UFC 153 Results: What We Learned from Gleison Tibau vs. Francisco Trinaldo

Steven RondinaFeatured ColumnistOctober 13, 2012

Drinaldo brought it to Tibau in another exciting preliminary card fight at UFC 153. Photo by Josh Hedges/Zuffa LLC/Zuffa LLC via Getty Images.
Drinaldo brought it to Tibau in another exciting preliminary card fight at UFC 153. Photo by Josh Hedges/Zuffa LLC/Zuffa LLC via Getty Images.

Gleison Tibau is one of the foremost stepping stones in the lightweight division.

Seriously! He has consistently beaten guys like Jason Dent, Josh Neer and Rich Clementi, and has consistently lost to fighters like Nick Diaz, Melvin Guillard and Jim Miller. He is the perfect test for a fighter like Francisco Trinaldo, who is sitting on an impressive 11-1 MMA record, and won his UFC debut with a first-round KO back in June.

What ensued was another wild, exciting fight on a card that has had the fighters consistently deliver thus far in Rio de Janeiro. The fight ended with Tibau getting the nod from the judges, but there was a lot to look for in this battle of savvy veterans. So what did we learn about either fighter, UFC 153 and the dynamics of the fight game?

Gleison Tibau and Francisco Trinaldo Are Huge Lightweights

Seriously, look at the two of them and tell me that they belong in the same weight class as Joe Lauzon or Anthony Njokuani. It is remarkable to think that the two of them weighed in at 155 lbs Friday.

The two of them are by no means young relative to other fighters; Tibau is 29 and Trinaldo is 34. They are not really short, either, as Tibau stands at 5'10" and Trinaldo stands at 5'8". Neither of them gassed in any huge way (Tibau looked a bit slower in the third, but this was likely due to being repeatedly punched in the face more than actual conditioning).

How the hell is that even possible? I don't know, but apparently it is.



The Referees Were Very Fast With Standing Fighters Up Saturday Night

Referees were very trigger-happy Saturday night when it came to standing up fighters, and Marc Goddard was similarly unwilling to let fighters work on the ground. That is not good for an event already mired with two questionable decisions.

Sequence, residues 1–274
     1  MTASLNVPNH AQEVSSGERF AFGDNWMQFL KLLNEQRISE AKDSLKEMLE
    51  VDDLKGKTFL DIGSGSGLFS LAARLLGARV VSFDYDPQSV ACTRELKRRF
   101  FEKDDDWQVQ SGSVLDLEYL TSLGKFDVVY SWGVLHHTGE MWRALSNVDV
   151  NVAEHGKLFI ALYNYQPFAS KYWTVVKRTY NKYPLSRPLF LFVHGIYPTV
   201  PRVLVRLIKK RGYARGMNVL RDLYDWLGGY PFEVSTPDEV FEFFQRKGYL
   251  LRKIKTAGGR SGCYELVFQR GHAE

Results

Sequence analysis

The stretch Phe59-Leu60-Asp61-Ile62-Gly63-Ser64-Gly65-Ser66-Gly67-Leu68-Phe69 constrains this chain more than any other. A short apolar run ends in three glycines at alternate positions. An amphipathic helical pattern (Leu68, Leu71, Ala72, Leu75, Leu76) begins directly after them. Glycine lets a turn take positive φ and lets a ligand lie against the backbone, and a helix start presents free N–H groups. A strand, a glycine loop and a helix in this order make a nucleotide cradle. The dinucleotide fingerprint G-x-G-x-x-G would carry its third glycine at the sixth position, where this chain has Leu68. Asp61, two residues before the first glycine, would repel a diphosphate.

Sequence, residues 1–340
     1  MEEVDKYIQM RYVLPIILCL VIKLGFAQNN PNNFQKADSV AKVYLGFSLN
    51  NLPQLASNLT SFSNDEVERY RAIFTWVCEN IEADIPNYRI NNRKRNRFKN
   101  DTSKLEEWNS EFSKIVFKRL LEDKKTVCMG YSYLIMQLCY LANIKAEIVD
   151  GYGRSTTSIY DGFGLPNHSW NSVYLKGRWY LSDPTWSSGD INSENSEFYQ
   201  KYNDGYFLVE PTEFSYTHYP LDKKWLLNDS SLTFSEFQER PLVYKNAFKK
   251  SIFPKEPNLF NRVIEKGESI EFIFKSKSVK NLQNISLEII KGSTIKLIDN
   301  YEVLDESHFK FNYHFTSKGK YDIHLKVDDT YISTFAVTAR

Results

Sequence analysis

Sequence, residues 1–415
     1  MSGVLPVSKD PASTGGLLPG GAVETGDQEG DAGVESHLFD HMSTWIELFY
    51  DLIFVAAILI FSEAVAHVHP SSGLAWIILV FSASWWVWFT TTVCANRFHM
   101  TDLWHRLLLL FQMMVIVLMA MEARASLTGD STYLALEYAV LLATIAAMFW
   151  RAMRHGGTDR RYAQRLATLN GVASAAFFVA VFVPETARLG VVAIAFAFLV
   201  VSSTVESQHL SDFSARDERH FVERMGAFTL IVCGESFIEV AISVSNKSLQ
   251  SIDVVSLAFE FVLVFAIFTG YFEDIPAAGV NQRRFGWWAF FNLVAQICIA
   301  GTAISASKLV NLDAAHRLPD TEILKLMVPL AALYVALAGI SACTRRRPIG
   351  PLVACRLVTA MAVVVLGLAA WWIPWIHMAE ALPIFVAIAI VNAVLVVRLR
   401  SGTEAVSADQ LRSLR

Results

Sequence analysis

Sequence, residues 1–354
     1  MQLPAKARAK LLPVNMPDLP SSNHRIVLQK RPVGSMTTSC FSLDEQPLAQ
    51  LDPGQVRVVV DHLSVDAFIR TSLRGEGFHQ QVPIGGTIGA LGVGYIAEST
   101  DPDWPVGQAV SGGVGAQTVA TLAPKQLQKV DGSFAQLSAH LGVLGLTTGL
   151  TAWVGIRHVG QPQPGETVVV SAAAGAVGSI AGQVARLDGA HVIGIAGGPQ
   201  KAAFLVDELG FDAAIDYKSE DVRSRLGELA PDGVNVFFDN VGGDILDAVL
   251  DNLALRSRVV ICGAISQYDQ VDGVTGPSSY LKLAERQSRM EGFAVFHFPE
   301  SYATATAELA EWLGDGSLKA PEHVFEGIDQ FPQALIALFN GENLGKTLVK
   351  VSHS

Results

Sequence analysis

The bad decisions and the NBA-style refereeing may not make headlines for these fights, but with Anderson Silva fighting Stephan Bonnar in the main event, Dana White must be at least a teeny bit nervous. After all, if Silva lost, even in super-controversial fashion, it would be a catastrophe for the UFC.


Gleison Tibau Still Has “It”!

While labeling Tibau a stepping stone may sound harsh, it is not meant to be an insult. The UFC has amazingly talented fighters come in and out on a daily basis. Surviving five years of fighting for the world's biggest promotion speaks volumes about how skilled he truly is.

Yes, Tibau had a bit of trouble against a relatively new fighter in Francisco Trinaldo. However, nobody is expecting him to make a run for Benson Henderson at this point. What Gleison Tibau showed is that he is a tough dude with decent standup and a strong ground game, and that is something.

Tibau has all the intangibles you could want and some serious skills. He deserves a great deal of credit for this fight, even if it is a small victory in comparison to guys like Jeremy Stephens, Caol Uno and Rafael dos Anjos.



Francisco Trinaldo is Now Permanently an Undercard Fighter

This is a sad fact. Truly, truly sad.

Yes, Tibau is a stepping stone for rising prospects. Unfortunately, by losing to him, he has shown that he is not a rising prospect. At 34 years old, the Francisco Trinaldo you saw just now is the best Francisco Trinaldo you're ever going to see.

Trinaldo is an older lightweight who has some strong striking and a serviceable ground game, but, again, his age is most certainly not helping him. He is not going to develop physically. He is almost certainly not sitting on a deep well of untapped potential.

He has the stuff to stick around in the UFC, but he just plain isn't going to be getting any better than the guy you just saw lose to Gleison Tibau.